I hear his whispers when he is hundreds of miles away, and I can hear his tears when the night is dark.  I know him better than he knows himself, and I can often predict everything he wants and everything he needs.  I have watched him discover music, art and sarcasm.  I have watched him discover the power of absolute perfection, and I have watched him learn his own limitations.  I have watched, I have held my breath, and I have silently celebrated everything.

A child changes everything, even the very memories that we hold.  My brain has an enourmous capacity to hold onto the memories of my child, even when it forgets my keys in the car.  Since my son arrived six years ago, I have changed my finances, my health, and my career.  I have worn clothes older than he is, and bought him cute outfits for no other reason than they make me smile. I have indulged in cake for dinner, and I have taken my medication almost religiously.  I have come to recognize vague diseases that I didn’t know were there, and I can tell the many differences between a rash and rosacea.  I can tell you when my child is sick, about to be sick, or faking it to get out of something.

By his voice I can tell you if he is sad or happy; without ever looking at him.  By his eyes I can tell you if he is sick or just feeling bad.  I can tell you when he doesn’t want to do something and I can tell you when he is disappointed that all his hopes were not the same as the reality.  I can tell you when he is tired, and I can tell you when he is in trouble.  I use my woman’s intuition in ways I never knew was possible, and I watch every day for the pitfalls, those he must travel and those that are there to avoid.

I have felt the sadness of not being able to give him everything he wants, and I have felt the guilt of being only human.  I have fought battles that I didn’t know were there, and I have fought demons that have haunted me.  I have pushed myself to be better, to be kinder, to set an example that never seemed important.  I have walked away from friendships; I have walked away from desires.  I have changed my dreams, my nightmares, my whole being.  And all because once upon a time I was given God’s smile.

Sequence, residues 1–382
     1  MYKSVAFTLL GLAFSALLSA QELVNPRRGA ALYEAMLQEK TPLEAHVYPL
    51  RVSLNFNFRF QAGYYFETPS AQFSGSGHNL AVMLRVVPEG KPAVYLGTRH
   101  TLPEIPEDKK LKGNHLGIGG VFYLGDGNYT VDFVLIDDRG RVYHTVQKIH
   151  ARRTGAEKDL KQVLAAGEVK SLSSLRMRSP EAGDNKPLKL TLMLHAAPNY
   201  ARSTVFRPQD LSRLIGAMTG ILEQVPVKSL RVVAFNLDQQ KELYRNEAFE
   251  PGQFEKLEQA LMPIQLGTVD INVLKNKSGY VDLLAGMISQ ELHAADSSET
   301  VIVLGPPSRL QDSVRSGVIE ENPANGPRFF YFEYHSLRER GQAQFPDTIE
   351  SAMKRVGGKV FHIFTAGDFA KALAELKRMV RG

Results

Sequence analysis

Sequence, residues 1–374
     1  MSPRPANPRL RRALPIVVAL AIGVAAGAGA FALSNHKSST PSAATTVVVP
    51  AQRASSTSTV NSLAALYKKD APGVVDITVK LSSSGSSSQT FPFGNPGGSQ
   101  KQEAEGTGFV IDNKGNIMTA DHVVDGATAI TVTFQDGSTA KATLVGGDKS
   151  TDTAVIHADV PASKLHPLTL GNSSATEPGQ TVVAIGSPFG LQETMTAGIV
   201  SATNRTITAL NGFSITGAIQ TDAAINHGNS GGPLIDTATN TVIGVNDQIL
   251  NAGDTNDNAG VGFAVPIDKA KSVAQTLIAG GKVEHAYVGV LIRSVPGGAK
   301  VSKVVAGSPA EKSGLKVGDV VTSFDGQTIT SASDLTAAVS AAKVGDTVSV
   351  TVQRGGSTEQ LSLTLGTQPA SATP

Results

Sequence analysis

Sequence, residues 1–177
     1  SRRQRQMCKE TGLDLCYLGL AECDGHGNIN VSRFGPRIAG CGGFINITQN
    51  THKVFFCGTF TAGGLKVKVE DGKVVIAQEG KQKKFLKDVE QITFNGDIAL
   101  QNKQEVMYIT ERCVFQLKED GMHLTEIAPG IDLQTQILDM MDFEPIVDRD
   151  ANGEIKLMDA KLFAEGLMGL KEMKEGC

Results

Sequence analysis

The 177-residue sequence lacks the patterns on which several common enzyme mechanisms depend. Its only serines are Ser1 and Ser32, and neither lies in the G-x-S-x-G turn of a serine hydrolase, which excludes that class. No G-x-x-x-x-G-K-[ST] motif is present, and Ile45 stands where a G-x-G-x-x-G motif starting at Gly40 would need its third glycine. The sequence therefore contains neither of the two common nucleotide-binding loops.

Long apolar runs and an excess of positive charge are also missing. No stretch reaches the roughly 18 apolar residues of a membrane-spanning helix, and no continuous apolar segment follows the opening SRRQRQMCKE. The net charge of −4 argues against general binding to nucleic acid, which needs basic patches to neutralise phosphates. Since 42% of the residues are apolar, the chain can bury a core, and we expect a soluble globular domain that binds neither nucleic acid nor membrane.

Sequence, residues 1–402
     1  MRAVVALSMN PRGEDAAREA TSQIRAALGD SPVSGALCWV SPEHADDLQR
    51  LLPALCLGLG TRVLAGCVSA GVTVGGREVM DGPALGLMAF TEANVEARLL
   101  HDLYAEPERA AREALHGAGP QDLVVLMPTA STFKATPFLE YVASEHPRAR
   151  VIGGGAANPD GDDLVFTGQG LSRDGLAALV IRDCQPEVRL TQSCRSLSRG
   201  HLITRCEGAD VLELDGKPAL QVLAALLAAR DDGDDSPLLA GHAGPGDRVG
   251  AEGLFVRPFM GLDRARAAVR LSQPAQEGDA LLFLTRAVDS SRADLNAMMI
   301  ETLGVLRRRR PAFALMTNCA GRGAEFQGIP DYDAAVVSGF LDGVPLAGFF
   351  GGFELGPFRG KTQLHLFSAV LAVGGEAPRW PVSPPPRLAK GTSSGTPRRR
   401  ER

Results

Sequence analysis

Six years ago today I held my son for the first time.  I breathed in a scent that I could recognize for miles away, and I listened softly as he breathed.  Six years ago today my life changed in every way possible, and it was one of the greatest moments of my life.  My son, my six year old son has given me what no man, no animal and no God ever could.  He gave me the uncompromising love of motherhood.  He has shown me that everything I believed was upside down, and he showed me that I could be more than I ever thought possible.  My son gave me life.

So many of us joke about giving our children life, but the truth is they give us life.  They teach us, show us, and change us.  They make us better, and they make us whole.  Every day in the last six years that my son has given me the unconditional love of a child, I have learned how to live.  And at the end of the day, all that I give him pales considerably against all that he gives me.

Happy Birthday, my baby boy.